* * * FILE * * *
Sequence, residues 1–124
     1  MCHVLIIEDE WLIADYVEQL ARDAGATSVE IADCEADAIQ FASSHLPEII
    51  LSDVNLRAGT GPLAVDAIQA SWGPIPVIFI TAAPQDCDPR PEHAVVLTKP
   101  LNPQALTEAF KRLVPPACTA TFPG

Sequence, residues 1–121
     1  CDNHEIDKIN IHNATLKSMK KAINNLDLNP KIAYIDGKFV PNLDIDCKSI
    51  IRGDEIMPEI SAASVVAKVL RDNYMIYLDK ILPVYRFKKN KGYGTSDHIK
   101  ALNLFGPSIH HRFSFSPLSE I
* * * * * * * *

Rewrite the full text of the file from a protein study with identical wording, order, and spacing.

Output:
Sequence, residues 1–124
     1  MCHVLIIEDE WLIADYVEQL ARDAGATSVE IADCEADAIQ FASSHLPEII
    51  LSDVNLRAGT GPLAVDAIQA SWGPIPVIFI TAAPQDCDPR PEHAVVLTKP
   101  LNPQALTEAF KRLVPPACTA TFPG

Sequence, residues 1–121
     1  CDNHEIDKIN IHNATLKSMK KAINNLDLNP KIAYIDGKFV PNLDIDCKSI
    51  IRGDEIMPEI SAASVVAKVL RDNYMIYLDK ILPVYRFKKN KGYGTSDHIK
   101  ALNLFGPSIH HRFSFSPLSE I